World of food and wine looks at a fascinating variety of customs and traditions in different countries across the globe, describing how the world cooks, eats, and drinks.
Chinese food preparation methods
Chinese food recipes, naturally, start with a set of ingredients found in Cantonese, Szechuan and other provincial styles. But the methods often migrate across borders. And, in a country as large and varied as China, that can be a long way.
Stir frying is one of the most popular techniques. A little sesame oil, a wok and some ingredients and you're already well on your way. Of course, like any cooking method, it takes practice, practice, practice. The key is speed. Woks cook very fast in hot oil so all the ingredients have to be ready to use in an instant.
Everything must be pre-sliced, pre-diced and pre-shredded. All the spices should be arrayed with lids off and be ready to shake. An easy-to-use timer should be within easy reach. A towel, some hot pads and quick reflexes are a must.
Stewing provides for a somewhat less chaotic cooking experience. A crock pot is filled with chicken or other meat. Then, lots of water, a little wine and many spices are added for individual recipes. One of the most delightful offshoots of this style is the chance to create thickened sauces that compliment the stewed dish. Cornstarch is a common additive, but beer often plays a part, as well.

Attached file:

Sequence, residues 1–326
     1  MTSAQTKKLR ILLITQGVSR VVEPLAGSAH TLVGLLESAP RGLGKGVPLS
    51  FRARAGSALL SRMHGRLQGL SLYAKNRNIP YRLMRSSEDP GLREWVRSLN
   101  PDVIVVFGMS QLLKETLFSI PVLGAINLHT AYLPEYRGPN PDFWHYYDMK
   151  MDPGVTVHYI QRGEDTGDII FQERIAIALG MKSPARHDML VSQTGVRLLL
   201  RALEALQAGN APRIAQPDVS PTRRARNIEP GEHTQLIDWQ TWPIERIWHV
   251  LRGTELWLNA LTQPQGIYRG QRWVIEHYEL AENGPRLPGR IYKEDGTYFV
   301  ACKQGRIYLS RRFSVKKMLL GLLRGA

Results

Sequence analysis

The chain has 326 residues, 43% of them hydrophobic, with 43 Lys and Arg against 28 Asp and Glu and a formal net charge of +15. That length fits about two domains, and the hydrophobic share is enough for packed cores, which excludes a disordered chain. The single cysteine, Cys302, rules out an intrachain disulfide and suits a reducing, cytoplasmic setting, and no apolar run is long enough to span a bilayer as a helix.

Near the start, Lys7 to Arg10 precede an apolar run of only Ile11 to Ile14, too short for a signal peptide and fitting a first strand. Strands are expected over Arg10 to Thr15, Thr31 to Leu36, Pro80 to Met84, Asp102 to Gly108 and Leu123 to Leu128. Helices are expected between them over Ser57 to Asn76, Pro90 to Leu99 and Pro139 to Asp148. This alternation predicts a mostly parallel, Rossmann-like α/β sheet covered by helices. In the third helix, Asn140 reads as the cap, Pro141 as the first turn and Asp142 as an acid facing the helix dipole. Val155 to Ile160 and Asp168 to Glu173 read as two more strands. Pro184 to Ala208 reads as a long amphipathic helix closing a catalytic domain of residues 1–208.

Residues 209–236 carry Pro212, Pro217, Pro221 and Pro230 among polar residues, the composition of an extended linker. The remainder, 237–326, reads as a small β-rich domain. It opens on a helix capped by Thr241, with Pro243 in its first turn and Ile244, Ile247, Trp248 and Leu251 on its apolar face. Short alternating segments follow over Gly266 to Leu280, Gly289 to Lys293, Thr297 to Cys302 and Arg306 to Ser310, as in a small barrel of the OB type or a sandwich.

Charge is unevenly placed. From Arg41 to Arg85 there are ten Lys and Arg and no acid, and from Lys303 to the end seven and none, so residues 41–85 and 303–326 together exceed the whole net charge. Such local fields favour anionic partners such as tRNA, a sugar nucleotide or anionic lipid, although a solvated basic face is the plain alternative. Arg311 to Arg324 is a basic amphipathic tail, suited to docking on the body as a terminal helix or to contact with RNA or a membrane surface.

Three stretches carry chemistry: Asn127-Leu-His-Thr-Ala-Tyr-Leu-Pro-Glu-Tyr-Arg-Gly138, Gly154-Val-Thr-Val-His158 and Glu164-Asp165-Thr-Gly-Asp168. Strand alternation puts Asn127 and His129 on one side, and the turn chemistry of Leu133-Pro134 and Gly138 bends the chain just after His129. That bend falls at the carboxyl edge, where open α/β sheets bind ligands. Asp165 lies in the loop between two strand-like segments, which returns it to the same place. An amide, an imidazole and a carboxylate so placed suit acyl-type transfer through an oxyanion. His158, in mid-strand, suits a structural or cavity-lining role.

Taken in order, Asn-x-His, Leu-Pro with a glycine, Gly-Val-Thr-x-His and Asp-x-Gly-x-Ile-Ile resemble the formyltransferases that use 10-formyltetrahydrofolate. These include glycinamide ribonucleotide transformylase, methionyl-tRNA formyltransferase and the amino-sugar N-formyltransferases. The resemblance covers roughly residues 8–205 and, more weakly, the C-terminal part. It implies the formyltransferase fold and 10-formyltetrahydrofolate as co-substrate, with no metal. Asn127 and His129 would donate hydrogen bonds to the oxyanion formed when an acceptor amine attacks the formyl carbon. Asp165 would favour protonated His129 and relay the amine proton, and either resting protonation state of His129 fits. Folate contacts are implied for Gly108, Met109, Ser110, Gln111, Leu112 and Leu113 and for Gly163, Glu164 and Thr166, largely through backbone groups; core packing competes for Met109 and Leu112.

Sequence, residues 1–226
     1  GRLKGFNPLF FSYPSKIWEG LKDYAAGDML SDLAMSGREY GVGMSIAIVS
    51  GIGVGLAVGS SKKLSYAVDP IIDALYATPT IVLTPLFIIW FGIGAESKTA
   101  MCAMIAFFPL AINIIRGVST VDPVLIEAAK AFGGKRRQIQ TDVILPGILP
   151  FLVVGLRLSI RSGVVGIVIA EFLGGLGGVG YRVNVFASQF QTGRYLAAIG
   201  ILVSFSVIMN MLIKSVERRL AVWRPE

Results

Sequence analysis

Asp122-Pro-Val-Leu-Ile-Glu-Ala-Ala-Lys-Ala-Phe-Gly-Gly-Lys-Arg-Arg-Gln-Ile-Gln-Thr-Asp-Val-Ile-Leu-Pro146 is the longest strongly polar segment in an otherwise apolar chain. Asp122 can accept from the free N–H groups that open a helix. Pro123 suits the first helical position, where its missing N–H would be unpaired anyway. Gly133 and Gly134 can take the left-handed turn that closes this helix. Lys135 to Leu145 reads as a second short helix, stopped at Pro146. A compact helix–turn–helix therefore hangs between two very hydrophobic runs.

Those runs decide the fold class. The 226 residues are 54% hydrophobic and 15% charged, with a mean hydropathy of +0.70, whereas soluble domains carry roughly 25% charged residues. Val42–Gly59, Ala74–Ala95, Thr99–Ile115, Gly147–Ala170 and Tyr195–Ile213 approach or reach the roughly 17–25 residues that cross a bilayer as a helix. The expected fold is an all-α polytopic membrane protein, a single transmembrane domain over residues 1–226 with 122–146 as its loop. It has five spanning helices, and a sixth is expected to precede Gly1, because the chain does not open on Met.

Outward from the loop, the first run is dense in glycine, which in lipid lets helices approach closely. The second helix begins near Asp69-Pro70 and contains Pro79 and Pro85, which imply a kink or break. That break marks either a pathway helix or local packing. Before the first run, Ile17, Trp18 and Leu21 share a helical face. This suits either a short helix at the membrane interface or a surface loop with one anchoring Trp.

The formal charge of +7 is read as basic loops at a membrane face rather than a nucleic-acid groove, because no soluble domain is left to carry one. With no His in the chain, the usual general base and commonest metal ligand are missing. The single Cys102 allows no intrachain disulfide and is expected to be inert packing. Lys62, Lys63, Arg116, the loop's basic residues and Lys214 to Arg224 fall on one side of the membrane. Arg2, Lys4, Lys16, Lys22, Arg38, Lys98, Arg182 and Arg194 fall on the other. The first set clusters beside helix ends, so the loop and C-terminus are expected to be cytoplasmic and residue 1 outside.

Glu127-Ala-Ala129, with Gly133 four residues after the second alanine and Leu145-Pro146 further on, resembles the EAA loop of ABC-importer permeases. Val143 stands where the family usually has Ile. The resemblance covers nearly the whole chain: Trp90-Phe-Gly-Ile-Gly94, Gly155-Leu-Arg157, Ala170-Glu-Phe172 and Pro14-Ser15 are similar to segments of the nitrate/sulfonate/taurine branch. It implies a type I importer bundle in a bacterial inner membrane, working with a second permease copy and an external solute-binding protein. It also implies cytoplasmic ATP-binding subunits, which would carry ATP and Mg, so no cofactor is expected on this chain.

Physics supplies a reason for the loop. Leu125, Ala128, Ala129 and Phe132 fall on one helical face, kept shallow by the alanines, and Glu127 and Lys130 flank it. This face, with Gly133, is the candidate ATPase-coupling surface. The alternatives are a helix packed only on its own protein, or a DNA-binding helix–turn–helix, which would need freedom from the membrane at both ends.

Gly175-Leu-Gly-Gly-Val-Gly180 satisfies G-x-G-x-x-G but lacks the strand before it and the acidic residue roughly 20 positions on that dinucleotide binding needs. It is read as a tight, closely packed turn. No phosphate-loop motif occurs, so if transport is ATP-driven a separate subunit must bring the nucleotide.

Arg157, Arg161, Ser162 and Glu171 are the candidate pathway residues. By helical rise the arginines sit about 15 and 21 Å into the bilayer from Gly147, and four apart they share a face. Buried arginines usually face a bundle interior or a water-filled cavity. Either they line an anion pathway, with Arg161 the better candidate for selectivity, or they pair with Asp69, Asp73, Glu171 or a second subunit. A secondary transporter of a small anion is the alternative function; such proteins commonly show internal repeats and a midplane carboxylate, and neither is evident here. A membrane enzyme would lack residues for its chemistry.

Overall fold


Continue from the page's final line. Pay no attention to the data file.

A clay pot heated by a charcoal fire is a traditional stewing scenario. Stewed for hours this way meats come out tender and juicy. At the same time the broth that results provides a liquid that can be used to enhance a dozen other aspects of the meal.
One common and delightful category is known as 'red cooking'. The name comes from the color produced by using soy sauce liberally. The dish may be simmered for hours with the soy wending its way through meat and vegetables to provide a tangy and nutritious meal.
Frequently used by restaurants, a fine Chinese roast is the equal of its Western cousin. In this technique, a large piece of meat is marinated -often overnight- then roasted over direct heat. Whether barbecued or oven-roasted, the results can be among the finest dishes served. The key, of course, is to have an excellent marinade.
Chinese chefs excel in this regard. Seasonings, such as five spice powder that make free use of chili peppers -including the skin and seeds, dried and ground- are often the fundamental secret. Garlic is another common additive. Ginger frequently makes its way into a fine Chinese marinade.
All methods are good
Whatever technique is employed, the same attention to detail both in preparation and presentation are ever present in Chinese cooking. Chinese recipes are a delight to the eye, nose and palette equally.